Wednesday, January 24, 2007

India Poised

Here is the text of the India Poised campaign and an article supporting the gist of it.

There are two India's in this country.
One India is straining at the leash, eager to spring forth and live up to all the adjectives that the world has been showering recently upon us. The other India is the leash.
One India says give me a chance and I'll prove myself. The other India says prove yourself first and maybe then you'll have a chance.
One India lives in the optimism of our hearts. The other India lurks in the skepticism of our minds.

One India wants. The other India hopes.
One India leads. The other India follows.

But conversions are on the rise. With each passing day more and more people from the other India have been coming over to this side. And quietly, while the world is not looking, a pulsating, dynamic new India is emerging.

An India whose faith in success is far greater than its fear of failure. An India that no longer boycotts foreign-made goods but buys out the companies that make them instead.
History, they say, is a bad motorist. It rarely ever signals its intentions when it's taking a turn.
This is that rarely-ever moment. History is turning a page.
For over half a century, our nation has sprung, stumbled, run, fallen, rolled over, got up and dusted herself and cantered, sometimes lurched on. But today, as we begin our 60th year as a free nation, the ride has brought us to the edge of time's great precipice.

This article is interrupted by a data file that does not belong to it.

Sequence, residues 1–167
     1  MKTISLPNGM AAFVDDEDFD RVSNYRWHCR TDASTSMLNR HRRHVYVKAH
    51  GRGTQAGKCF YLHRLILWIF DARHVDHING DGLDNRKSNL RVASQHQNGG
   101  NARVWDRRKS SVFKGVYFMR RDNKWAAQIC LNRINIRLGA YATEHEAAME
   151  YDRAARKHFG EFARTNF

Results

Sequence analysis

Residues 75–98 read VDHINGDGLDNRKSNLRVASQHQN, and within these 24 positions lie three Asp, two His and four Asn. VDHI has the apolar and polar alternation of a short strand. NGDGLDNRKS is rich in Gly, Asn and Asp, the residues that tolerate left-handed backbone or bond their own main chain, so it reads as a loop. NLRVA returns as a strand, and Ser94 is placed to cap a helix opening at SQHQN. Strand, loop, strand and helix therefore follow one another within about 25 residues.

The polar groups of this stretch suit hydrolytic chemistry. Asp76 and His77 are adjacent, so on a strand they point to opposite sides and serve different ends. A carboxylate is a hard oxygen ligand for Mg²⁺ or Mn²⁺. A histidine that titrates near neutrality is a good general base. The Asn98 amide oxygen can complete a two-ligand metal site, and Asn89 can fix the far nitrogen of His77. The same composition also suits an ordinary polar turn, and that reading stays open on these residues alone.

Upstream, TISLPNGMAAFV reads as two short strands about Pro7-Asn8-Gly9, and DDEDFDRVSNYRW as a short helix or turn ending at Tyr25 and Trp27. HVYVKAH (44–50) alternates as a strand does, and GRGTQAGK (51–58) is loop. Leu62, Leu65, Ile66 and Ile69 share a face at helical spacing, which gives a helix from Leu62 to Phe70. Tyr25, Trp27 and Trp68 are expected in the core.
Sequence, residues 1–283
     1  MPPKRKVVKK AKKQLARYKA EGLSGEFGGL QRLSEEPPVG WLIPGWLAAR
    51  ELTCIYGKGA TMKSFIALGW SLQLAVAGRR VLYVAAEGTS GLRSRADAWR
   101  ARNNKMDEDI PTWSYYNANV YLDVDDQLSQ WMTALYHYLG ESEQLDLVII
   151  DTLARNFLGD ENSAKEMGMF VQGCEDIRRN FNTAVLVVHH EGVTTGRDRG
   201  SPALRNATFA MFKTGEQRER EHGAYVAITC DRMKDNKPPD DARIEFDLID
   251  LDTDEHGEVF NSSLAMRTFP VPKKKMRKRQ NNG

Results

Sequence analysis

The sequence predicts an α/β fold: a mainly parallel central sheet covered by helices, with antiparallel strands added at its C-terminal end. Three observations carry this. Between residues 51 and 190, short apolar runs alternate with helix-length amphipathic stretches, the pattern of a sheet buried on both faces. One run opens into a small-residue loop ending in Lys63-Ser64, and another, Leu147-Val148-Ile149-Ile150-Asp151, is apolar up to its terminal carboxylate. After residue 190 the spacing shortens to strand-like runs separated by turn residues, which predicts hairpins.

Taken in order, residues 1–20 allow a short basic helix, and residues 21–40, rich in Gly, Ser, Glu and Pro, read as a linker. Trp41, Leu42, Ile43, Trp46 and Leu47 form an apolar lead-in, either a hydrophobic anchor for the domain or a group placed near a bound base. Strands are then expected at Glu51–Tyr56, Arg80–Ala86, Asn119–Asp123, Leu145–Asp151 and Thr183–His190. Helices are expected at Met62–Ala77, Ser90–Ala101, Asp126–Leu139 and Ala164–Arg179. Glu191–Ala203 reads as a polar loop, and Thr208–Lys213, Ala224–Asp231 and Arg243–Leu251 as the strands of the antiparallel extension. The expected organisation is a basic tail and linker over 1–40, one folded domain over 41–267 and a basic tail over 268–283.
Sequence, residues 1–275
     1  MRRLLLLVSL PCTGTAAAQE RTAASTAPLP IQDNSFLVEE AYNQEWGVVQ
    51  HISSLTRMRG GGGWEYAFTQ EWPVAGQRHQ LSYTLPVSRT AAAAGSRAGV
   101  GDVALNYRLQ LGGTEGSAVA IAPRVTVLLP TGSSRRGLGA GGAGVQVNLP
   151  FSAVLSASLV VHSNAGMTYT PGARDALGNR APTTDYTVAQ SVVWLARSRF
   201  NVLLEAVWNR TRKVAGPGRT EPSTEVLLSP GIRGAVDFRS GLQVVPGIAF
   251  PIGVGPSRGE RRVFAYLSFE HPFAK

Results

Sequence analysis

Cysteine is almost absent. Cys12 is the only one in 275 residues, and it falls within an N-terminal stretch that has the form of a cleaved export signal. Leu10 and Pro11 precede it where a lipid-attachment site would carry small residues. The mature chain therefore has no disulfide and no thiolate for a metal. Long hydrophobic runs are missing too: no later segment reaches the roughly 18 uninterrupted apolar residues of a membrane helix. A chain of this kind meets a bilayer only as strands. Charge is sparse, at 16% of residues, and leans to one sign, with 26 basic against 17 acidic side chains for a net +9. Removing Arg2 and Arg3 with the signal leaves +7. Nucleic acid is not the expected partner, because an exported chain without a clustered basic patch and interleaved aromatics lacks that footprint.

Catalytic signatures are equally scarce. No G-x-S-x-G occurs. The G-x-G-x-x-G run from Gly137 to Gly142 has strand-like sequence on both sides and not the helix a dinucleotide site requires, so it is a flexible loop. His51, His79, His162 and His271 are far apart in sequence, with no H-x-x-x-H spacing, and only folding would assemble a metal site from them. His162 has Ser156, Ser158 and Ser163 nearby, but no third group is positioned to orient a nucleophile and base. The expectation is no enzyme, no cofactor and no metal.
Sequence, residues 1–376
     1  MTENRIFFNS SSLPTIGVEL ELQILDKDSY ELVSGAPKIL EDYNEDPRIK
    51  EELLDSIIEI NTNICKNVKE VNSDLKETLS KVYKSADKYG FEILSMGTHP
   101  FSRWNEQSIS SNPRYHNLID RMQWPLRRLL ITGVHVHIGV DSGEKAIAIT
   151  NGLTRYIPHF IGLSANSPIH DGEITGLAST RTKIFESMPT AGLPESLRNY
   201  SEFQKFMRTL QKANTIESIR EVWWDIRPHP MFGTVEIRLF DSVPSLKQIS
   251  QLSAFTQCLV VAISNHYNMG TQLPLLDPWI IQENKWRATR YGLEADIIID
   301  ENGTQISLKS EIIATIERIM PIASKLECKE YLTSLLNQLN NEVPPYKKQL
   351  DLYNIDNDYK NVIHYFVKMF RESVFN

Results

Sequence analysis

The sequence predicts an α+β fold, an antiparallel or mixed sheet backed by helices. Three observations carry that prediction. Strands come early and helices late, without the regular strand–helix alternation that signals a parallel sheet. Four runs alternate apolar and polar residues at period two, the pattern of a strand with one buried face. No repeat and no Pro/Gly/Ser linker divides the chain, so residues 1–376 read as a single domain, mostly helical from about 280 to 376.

And one India - a tiny little voice at the back of the head - is looking down at the bottom of the ravine and hesitating.

The other India is looking up at the sky and saying, it's time to fly.

The article below nicely corroborates the above aspects.

Recent headline in TOI: India to overtake United States by 2050 (report)

Productivity growth will help India sustain over 8% growth until 2020 and become the second largest economy in the world, ahead of the US, by 2050, Goldman Sachs has said, scaling up estimates of the country's prospects in its October 2003 research paper widely known as the BRIC (Brazil, Russia, India, China) nations report...

The paper said a turnaround in manufacturing productivity was central to the ratcheting up of productivity growth. The private sector was the principal driver of this turnaround, as it improved efficiency in the face of increased competition due to the cumulative effects of a decade of reforms.

"The underlying reasons are: increased openness to trade, investment in information and communication technology, and greater financial deepening. These factors still have some distance to run," it said.

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